County Meath: Elderly Nursing Home Residents Were At Risk Of Hypothermia Court Hears: UPDATED

21 Jun

RESIDENTS of a nursing home in Co Meath were at risk of hypothermia and had to be given blankets and hot drinks by inspectors because the heating was not working properly, a court has heard.

An inspector with the Health Information and Quality Authority (HIQA) also told Drogheda District Court the agency had recorded more than 19 falls in a six-week period at Creevelea House, a nursing home that had also been broken into three times.

The court also heard the home “was not clean” and had an inadequate food supply — fresh vegetables at the home amounted to one bag of potatoes and a turnip. There was also no meat.

The inspector was giving evidence during an application relating to Creevelea House Ltd, registered operator of Creevelea House Nursing Home.

HIQA is asking the court to cancel its registration as a nursing home.

The application is being opposed by Peter Murphy, director of the company and the registered provider of the home.

The authority says it has “serious concerns” about the health and welfare of residents at the home. They relate to lack of governance, clinical management, lack of staff training and that there is no person in charge as required by regulation.

In evidence covering several inspections, HIQA inspector Nuala Rafferty said the first inspection took place in March 2010 after a resident’s niece contacted the authority with concerns about his care.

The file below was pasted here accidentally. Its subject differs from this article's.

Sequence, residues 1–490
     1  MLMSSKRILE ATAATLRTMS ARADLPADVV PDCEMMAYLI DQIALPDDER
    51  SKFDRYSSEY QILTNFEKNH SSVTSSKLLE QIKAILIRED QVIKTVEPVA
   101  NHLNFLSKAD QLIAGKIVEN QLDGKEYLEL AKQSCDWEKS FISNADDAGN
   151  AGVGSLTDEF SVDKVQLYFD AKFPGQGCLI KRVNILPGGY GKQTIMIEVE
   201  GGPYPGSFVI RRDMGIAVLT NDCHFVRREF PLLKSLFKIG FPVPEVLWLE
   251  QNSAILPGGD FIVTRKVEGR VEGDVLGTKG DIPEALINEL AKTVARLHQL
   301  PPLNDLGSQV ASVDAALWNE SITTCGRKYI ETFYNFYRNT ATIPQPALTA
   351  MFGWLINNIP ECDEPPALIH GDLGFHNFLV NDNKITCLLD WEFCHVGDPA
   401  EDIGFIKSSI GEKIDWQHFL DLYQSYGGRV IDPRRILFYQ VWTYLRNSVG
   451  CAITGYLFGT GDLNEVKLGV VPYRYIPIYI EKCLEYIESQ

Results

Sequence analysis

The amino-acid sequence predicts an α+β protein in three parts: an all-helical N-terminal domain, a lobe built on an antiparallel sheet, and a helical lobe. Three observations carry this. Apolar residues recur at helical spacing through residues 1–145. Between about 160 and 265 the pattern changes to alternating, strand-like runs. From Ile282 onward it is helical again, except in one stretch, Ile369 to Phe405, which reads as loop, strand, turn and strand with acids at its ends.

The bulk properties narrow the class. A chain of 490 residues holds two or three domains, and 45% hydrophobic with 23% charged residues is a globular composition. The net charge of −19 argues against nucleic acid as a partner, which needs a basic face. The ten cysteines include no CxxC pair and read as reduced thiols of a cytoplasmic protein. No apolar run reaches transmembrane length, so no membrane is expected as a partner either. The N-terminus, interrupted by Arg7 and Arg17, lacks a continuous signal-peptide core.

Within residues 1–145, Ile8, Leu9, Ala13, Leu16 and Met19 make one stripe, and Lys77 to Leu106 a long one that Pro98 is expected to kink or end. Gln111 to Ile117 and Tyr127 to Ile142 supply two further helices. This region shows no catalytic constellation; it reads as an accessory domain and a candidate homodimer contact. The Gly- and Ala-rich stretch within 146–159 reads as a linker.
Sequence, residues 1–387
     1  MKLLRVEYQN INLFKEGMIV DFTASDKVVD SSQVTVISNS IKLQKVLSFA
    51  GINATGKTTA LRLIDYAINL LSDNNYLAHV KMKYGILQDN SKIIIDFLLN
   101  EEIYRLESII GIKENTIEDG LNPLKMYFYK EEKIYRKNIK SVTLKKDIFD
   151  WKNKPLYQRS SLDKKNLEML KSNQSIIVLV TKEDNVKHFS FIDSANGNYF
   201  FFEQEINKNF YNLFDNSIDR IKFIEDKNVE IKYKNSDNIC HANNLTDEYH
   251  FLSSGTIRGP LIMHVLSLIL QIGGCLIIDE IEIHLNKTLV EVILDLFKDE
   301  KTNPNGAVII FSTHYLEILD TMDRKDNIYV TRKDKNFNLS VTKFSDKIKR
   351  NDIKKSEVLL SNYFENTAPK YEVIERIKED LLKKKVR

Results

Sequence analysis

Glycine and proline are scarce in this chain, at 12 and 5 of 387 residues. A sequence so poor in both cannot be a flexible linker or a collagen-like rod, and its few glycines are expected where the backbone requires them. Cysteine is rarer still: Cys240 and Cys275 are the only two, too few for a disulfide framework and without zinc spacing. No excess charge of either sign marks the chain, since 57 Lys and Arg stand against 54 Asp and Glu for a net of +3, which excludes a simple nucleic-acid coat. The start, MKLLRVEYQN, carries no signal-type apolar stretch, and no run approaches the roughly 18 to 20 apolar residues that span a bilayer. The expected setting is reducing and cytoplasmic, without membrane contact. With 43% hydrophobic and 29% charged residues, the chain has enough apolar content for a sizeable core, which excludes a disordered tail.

Ms Rafferty said that when the inspectors arrived they found “nobody running” the home and “nobody overseeing the management of residents”.

The court heard how Mr Murphy lived in Limerick and that there was no emergency plan in place. A staff member was put in charge last year but resigned in December as she felt she was not getting the support she needed.

Ms Rafferty said that, during an inspection on November 20, 2010, “staff complained of being cold”.

The inspectors found only four bedrooms were warm. The other bedrooms and all the communal rooms were “very cold”.

Inspectors returned the following morning and found all were 2C to 3C below what they should have been. Seven residents had temperatures below 36C and were “verging at risk of hypothermia”.

The inspectors directed staff to give out warm drinks and extra blankets.

The court heard that, in April, Mr Murphy undertook to meet a number of commitments required by HIQA but yesterday the authority said while there have been some improvements it still believes there is a “serious risk” to the remaining nine residents.

Mr Murphy is expected to give evidence when the hearing resumes in two weeks.